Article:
Five Questions With: David Caprio

On April 10, David Caprio, CEO of Children’s Friend, testified before the R.I. House Finance Committee advocating for more funding to the R.I. Department of Children Youth and Families, which he said the agency is in dire need of. Caprio says the lack of funding has contributed to a high number of deaths of children under their care in recent years.

In its annual report running from April 7, 2017, through Dec. 31, 2017, the R.I. Office of Child Advocate reported 23 child fatalities and 25 near-fatalities of children in the custody of the DCYF. The fiscal year 2019 budget is level funded, continuing a $7 million cut from FY 2018, which Caprio says is preventing the agency from keeping children in its care safe, contributing to the deaths. 

Children’s Friend is Rhode Island’s oldest nonprofit child welfare organization. The group promotes the well-being and healthy development of Rhode Island’s most vulnerable children by providing flexible, effective and culturally relevant services that support and strengthen families and communities.

Providence Business News asked Caprio a few questions about recent children’s deaths under DCYF supervision, and how increasing funding could prevent more fatalities.

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PBN: Please tell us a little about your time with Children’s Friend and your observations of how DCYF has performed over the last 18 years.

CAPRIO: Children’s Friend has worked with DCYF for many years to support our most vulnerable kids and families. At various times over the last 18 years, I have seen DCYF and our child welfare system overall struggle. The two main causes of the struggles over the years have been inadequate funding and inconsistent leadership at DCYF.

PBN: What is suffering at DCYF with the $7 million cut from the agency last year? How is that contributing to child deaths?

CAPRIO: The $7 million cut last year, on top of previous budget cuts, has had a detrimental impact on the work of DCYF. Simply put, the resources are stretched too far and too thin. DCYF only gets involved in the most complicated cases, and when DCYF workers have high caseloads and community providers are not adequately resourced, then things fall through the cracks and people are not able to do their best work. In high-risk families and for those in crisis, without the proper level of supports and interventions in a timely manner, bad outcomes will occur, and that is exactly what we are seeing in our child welfare system today.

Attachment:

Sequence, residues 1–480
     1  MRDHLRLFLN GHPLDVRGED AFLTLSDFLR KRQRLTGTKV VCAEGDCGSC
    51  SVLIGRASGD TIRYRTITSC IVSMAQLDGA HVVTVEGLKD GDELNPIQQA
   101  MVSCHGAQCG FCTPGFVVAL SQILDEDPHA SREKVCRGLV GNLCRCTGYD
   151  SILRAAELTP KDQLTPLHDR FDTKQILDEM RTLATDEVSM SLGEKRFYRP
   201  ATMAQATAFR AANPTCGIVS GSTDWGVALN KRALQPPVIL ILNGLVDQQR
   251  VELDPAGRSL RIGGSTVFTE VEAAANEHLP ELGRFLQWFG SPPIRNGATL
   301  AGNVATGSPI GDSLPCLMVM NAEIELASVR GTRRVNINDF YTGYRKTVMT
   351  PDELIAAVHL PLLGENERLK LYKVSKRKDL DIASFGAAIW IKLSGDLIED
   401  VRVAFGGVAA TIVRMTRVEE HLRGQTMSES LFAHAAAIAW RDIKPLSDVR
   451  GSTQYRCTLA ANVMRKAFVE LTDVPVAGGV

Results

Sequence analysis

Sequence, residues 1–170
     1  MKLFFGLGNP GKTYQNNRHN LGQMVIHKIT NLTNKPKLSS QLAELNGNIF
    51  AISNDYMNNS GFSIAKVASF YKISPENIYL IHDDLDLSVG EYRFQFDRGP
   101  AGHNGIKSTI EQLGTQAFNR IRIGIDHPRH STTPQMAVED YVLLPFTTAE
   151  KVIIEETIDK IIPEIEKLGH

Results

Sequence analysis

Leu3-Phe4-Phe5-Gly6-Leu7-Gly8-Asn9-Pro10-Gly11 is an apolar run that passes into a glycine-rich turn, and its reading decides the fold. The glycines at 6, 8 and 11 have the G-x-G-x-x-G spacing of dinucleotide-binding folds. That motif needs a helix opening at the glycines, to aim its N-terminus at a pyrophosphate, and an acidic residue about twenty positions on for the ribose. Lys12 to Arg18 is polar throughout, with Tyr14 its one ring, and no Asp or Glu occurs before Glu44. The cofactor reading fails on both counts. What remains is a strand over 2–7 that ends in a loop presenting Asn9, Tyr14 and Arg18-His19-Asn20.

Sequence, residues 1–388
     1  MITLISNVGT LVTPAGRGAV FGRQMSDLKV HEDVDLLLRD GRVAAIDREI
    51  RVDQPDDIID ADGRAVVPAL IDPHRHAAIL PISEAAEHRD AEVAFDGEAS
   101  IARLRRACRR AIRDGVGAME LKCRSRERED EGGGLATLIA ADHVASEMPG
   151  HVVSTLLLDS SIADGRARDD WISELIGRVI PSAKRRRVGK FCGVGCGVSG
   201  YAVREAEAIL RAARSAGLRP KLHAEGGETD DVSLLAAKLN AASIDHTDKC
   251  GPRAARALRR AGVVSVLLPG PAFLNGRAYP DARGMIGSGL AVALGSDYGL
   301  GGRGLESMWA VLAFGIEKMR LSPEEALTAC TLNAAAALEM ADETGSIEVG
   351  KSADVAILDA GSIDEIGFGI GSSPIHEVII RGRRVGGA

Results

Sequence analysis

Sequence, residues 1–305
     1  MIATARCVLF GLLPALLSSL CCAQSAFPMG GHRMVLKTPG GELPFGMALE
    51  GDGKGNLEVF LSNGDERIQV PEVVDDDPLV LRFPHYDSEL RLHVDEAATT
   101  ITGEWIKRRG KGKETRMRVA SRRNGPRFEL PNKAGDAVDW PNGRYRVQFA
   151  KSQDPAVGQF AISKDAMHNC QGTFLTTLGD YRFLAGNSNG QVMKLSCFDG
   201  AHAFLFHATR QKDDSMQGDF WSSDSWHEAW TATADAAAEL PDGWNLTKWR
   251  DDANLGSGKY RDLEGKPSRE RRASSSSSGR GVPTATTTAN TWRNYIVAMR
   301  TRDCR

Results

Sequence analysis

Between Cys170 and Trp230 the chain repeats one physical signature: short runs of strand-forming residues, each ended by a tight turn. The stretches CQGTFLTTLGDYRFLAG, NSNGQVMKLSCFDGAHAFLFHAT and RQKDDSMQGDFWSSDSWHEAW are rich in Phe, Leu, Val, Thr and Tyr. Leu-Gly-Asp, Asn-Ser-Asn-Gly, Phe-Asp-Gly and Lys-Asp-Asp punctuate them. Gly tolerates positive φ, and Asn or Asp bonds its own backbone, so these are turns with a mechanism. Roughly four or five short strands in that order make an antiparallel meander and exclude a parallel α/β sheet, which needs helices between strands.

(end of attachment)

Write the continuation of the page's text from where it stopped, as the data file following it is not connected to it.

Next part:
PBN: How do you think Director Trista Piccola has approached her work at DCYF? Has she been a positive influence on the agency?

CAPRIO: Dr. Piccola has been a great new leader for our child welfare system. She has the education, experience, compassion and dedication needed to move our child welfare system forward. She came in new to Rhode Island and took the time to meet with and listen to many stakeholders in our child welfare system to learn about our system and to develop plans for improvement.

PBN: You mentioned there are initiatives outlined in the DCYF budget that would improve the agency. Can you outline a few of them?

CAPRIO: There are several initiatives outlined in the proposed DCYF budget that are great policy decisions for Rhode Island children. The voluntary extension of care to age 21 for youth in state care is absolutely the right direction for our state to move in. The increased support to foster families is also something that is needed and will help us to recruit and retain foster families.

Unfortunately with the DCYF budget proposed to be level funded, there is no new money to fund these initiatives, so DCYF will have to cut other areas or continue to be stretched too thin and not implement these policy changes in the best way possible for our kids.

PBN: What about this issue do you think legislators and/or the governor may not have considered?

CAPRIO: I think that the governor and legislators, along with many in the public, are properly outraged when we have the all-too frequent news reports of child fatalities or near-fatalities because of abuse or neglect. What I don’t think they understand is that this ties back to the inadequate funding of DCYF. So when budget time comes around, they are not necessarily making the connection. Without the proper resources, DCYF and the overall child welfare system cannot properly protect at-risk children in our state. Continued underfunding of DCYF will continue bad outcomes, including death, for our most at-risk kids, and that would be a failure for all of us.

Rob Borkowski is a PBN staff writer. Email him at